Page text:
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A Symposium on Education with a Focus on Asian Youth in America: "Connecting and Communicating" (continued)

A talk given by Bhikshuni Heng Chih Shi at Gold Wheel Sagely Monastery on Sunday, October 11, 1998
*呂黛麗 中譯 Chinese translation by Daili Lyu













On the other hand, the things your mother throws up to you if your Asian are the Confucian virtues, the Daoist virtues, and the Buddhist virtues, and most of them are stuck in the Asian language. They are in the Asian culture and in the Asian language.   

Recently I went to the Philippines and discovered that the young generation doesn't know Chinese or English; they only know Tagalog. Why? Because their yaya raised them. Who is their yaya? It's the thirteen-year-old girl their parents brought in from the Provinces who doesn't have any education. She acts as their mother. What is their real mother doing? She's busy making money. And so, if you want to talk about instilling Asian tradition in kids, we've got to look at language and culture as another gap, and language is very fundamental. Most ABC (America-born Chinese)'s don't know Chinese, because it's not "in" to know Chinese. It's only "in" to know Western languages. They don't learn their language. And Chinese have been very, very slow to translate their virtue traditions into other languages; they keep them in their own language, because it is beautiful in their own language.  

Once in the Philippines I visited a very rich Buddhist household. They had been Buddhists for five generations and vegetarians for five generations, but the sixth generation didn't know why they should be Buddhists; they didn't know why they should be vegetarians; they didn't know what was being recited. They got bored. They hated to come to the temple. Their mother had to bribe them, "I'll give you $5 to go to the temple." There's a problem there. It has nothing to do with America or Western society. It is an Asian problem. Asians have not found a way to communicate the Asian culture to their Westernized kids.  

You say, "Well when I was young I read the Analects." I say, give it to your kids in a language they can understand. Language is another major gap.  

The third major gap I see is in governing and structuring our lives. And I see this as a serious gap. Most Asians are coming out of countries that are socialist, communist, or that even contain remnants of feudalism, into a democracy. Somehow we are going to have to deal with that: the authoritative father and the submissive mother. Coming into Western society, the woman suddenly finds out she has a life of her own. She can make her own choices. That's breaking down the family structure, because women never had a life of their own (in China). They were under the total authority of the male figure. In fact, they still are. The kids see that, but at the same time they receive a different message from Western culture. Now, I do not defend the Western culture.   

Too much of either one is going to be disastrous. Too much indulgence, or too much of waiting till the kid is ready--either is disaster.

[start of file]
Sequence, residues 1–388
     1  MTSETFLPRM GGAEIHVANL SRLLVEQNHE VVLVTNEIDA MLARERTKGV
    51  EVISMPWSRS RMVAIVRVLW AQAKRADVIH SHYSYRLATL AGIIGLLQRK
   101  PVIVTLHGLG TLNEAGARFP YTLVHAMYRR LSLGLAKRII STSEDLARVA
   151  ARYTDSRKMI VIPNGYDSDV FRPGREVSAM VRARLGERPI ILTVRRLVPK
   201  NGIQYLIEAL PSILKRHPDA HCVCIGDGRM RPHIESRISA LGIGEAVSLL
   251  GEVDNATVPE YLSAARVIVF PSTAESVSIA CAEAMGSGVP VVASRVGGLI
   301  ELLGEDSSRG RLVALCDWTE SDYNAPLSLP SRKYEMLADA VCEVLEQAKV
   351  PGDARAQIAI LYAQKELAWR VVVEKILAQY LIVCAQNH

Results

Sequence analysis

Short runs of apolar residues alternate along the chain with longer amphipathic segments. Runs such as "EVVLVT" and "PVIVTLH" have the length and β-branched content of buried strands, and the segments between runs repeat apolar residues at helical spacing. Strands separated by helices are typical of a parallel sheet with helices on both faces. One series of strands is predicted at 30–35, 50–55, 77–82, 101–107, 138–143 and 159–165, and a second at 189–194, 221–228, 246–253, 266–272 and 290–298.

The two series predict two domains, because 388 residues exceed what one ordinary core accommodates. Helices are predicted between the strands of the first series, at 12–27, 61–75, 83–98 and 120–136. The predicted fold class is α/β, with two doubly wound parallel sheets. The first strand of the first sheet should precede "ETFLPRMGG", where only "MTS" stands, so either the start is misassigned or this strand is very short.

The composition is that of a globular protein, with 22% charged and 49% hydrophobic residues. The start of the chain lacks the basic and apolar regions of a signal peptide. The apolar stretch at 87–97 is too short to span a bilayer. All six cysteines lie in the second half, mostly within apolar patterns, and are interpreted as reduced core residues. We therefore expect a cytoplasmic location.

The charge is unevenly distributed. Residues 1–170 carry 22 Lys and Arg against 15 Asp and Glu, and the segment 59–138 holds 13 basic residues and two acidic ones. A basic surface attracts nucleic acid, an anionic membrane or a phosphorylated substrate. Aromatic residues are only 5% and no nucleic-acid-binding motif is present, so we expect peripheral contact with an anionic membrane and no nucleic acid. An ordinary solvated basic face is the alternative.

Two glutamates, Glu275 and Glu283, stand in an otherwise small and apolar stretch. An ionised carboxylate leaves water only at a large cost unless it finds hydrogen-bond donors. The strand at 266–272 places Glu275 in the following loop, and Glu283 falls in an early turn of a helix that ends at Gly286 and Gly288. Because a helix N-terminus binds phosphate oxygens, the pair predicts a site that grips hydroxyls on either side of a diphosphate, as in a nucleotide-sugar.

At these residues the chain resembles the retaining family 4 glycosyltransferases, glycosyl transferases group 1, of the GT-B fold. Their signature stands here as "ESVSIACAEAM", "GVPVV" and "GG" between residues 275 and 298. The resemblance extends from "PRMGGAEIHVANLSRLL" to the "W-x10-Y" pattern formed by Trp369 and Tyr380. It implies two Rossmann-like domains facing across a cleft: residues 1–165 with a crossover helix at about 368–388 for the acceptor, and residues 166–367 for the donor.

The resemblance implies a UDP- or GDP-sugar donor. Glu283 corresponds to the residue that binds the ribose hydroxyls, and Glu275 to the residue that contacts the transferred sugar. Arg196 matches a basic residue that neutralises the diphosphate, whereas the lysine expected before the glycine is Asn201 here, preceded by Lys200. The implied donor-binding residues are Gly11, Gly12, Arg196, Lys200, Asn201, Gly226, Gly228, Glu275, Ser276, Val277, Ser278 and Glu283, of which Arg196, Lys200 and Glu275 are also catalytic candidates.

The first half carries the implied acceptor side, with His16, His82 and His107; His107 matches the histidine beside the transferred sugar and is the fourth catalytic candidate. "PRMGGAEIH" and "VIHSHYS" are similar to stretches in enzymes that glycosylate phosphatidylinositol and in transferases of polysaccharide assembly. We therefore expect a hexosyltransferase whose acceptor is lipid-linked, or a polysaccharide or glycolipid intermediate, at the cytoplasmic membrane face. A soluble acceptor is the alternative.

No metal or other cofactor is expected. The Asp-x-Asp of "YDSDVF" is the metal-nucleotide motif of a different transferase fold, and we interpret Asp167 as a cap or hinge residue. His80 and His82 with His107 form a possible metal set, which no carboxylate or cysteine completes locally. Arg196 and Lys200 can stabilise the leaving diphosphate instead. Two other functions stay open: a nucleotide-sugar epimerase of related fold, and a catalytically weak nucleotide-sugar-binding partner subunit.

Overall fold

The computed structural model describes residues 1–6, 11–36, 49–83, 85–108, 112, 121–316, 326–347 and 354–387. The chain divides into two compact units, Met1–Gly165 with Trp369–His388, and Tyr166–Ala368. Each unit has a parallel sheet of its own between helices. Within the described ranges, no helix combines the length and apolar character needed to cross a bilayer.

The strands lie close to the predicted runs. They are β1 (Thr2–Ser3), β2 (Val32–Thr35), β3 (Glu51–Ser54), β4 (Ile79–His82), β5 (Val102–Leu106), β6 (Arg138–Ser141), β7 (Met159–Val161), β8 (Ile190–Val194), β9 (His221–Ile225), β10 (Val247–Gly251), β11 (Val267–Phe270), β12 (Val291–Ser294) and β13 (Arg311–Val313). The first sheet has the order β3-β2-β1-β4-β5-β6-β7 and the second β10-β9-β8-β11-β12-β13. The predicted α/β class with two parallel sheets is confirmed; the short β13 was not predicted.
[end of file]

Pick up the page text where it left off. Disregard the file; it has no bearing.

What's it like coming out of a Communist tradition, with some quirks like the Cultural Revolution? Or a totally socialist structure where everything is dictated from the top, as in Taiwan and other countries. Somebody decides and everybody follows. We don't do that here; we start at the bottom and go up. We start with local people making decisions. The governing structure is grass-roots oriented. And so somehow your kids are caught between all of that. They see and sense it. They may not be able to name and define it, but the governing structure of your family--what you perceive as a good government--is somehow the opposite of the government you are living with and in now. Somehow those problems that you perceive must also be solved in your children's life. You need to solve them and help your children to somehow solve them. I see the governing and structuring of our lives as a very serious problem.  

And so the three major gaps: the generation gap, how do we connect; the governing gap, how do we resolve the differences; and the language-culture gap, how do we communicate. How can they sustain the best of both cultures, both languages, both governing systems? How can they put in proper perspective what's so easy for them to pick up in Western languages but which lacks the substance of Eastern culture which they aren't experiencing. Here in the West they aren't receiving any direct impact from their own culture. Much of it isn't available to them. Much of it isn't translated, or is so antiquated that they aren't interested.

The structure of the family and society were important to both Confucius and Lao Zi. We usually associate concerns about society and family with Confucian philosophy, but Lao Zi talked very fundamentally about "one yin and one yang make the Way." And he talked about the family structure and about the role of the siblings in the family.  

To be continued


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